You also mention: Because the need for survival (the concrete) is stronger...

I think Darwinism does not apply to all humans, specially to rich people. They do not have to work to survive, they have enough money to live their lives without worrying about working. Since they don't worry about this, they have different worries.

Finally, I'd like to invite you to read my essay, I'm sure you will find it interesting.

Good luck in the contest!

Best regards

Israel

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Author Dan Pitkow replied on Jun. 4, 2014 @ 20:34 GMT
Israel:

Thank you for your comments. I will check out your essay as well.

I wanted to clarify a little:

~I understand math was first used 2500 years ago, and also experienced a leap when the concept of "0" was introduced. But it was not until Newton that it provided a competing theory to Religious narrative in terms of creation, and this is what i am referring to. We should not that the vast majority of people on the planet still reject math"in favor of Religion.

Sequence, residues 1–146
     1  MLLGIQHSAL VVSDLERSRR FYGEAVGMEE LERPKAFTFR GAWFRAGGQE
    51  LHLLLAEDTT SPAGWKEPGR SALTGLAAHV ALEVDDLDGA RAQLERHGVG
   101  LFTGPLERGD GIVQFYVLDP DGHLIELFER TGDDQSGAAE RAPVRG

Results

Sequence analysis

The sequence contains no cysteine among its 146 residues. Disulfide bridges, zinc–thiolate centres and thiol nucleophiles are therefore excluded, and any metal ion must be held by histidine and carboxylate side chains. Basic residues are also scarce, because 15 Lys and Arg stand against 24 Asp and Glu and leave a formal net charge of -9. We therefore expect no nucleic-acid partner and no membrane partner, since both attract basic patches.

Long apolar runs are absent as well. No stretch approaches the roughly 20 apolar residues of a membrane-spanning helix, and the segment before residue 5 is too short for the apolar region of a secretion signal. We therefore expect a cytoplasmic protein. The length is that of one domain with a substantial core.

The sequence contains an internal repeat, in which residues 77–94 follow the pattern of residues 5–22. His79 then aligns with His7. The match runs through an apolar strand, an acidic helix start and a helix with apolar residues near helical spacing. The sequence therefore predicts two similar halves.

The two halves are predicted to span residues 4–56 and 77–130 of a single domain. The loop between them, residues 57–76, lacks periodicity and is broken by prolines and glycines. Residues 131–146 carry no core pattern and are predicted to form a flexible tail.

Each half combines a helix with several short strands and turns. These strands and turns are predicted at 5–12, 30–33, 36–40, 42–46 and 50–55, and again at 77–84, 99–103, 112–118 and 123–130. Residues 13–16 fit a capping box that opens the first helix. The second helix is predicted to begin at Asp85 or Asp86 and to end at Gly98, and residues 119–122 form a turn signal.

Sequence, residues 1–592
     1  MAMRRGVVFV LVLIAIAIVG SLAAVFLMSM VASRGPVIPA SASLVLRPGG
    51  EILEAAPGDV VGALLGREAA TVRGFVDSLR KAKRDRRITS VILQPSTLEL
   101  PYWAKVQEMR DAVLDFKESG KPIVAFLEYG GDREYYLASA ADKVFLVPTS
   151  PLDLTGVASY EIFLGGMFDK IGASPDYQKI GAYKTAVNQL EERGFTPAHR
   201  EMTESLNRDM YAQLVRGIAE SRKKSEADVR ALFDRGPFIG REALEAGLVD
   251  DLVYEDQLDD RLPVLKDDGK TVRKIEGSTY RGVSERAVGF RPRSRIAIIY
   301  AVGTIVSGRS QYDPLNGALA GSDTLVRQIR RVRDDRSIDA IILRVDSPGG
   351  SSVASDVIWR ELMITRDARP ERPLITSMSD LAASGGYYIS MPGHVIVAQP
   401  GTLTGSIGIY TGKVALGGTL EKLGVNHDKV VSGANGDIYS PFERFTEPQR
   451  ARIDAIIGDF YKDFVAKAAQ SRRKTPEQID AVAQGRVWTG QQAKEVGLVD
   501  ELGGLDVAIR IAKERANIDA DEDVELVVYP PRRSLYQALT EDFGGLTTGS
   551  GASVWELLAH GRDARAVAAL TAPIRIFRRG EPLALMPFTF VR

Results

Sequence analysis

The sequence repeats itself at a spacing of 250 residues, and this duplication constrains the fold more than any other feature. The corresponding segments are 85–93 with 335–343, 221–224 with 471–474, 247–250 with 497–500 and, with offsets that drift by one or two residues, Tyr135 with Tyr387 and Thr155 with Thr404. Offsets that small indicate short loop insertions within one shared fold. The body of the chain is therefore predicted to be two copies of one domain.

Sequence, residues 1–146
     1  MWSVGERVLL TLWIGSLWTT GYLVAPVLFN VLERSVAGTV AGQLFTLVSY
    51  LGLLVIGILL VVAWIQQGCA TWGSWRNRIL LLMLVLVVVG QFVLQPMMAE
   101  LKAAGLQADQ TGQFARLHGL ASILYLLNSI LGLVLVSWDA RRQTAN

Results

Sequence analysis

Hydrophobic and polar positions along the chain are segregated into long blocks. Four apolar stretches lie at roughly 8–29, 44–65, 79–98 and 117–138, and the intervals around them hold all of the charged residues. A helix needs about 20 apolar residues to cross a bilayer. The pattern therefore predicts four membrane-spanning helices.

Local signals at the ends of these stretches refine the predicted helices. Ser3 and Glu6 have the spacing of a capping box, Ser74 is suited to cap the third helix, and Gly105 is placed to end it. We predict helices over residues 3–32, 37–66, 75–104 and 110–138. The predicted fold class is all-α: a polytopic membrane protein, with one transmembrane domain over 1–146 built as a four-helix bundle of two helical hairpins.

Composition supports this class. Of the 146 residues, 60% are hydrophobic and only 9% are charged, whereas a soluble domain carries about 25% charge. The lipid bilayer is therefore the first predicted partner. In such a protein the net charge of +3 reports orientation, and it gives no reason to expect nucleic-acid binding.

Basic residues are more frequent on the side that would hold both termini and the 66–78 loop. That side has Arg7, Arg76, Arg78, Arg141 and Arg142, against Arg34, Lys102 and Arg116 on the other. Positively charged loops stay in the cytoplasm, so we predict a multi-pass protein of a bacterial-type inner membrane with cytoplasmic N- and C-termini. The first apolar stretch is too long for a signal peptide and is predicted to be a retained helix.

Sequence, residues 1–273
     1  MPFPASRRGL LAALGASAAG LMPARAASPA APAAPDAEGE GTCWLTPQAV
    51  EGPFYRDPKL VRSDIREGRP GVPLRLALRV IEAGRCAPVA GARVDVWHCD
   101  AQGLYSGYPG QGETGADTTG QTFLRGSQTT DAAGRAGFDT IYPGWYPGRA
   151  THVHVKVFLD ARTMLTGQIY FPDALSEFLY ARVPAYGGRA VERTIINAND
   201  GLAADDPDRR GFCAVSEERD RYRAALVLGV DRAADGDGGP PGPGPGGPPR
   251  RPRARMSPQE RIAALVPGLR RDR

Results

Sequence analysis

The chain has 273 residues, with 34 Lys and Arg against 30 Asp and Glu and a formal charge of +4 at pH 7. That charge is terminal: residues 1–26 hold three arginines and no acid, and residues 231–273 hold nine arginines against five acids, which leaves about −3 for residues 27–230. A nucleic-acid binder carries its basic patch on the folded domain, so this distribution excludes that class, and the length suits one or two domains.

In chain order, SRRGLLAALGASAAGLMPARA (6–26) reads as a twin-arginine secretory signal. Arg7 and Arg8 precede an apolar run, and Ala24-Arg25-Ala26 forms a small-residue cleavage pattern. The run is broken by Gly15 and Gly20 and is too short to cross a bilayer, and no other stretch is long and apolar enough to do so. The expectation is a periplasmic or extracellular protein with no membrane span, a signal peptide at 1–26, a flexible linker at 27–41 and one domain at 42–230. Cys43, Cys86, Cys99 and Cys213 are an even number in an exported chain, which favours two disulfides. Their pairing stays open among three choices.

~Regarding the solar system rotating, etc, we have not in fact quantified this. We have an "understanding," but my point here is that we have not to date quantified it.

~I disagree about your point with Darwinism. I think it applies to rich people. The competition may take on the form of money, status and ideas, but the same general principle applies.

Dan

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Peter Jackson wrote on May. 26, 2014 @ 17:30 GMT
Dan,

Great essay. Really glad I got to it in time. I can't give a point for each good element I agreed with as they ran into the teens. I also liked your direct and easy to read organisation and style. I hope I can persuade you to read mine, which I hope may represent a big step to proving;...

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Author Dan Pitkow replied on Jun. 4, 2014 @ 20:41 GMT
Peter:

Thank you for your encouraging comments. I appreciate you taking the time to read mine, and I will check out yours. It is a long haul, challenging the status quo, but in a sense these arguments have been made before, and humanity "storms the beach," so to speak, slowly, overlong periods of time. There is no doubt my mind that 'certainty' plays a huge role in our 'progress,' even if at the expense of objective accuracy. I'd live to come back in a 1,000 or 10,000 years see where we are, if at all.

Dan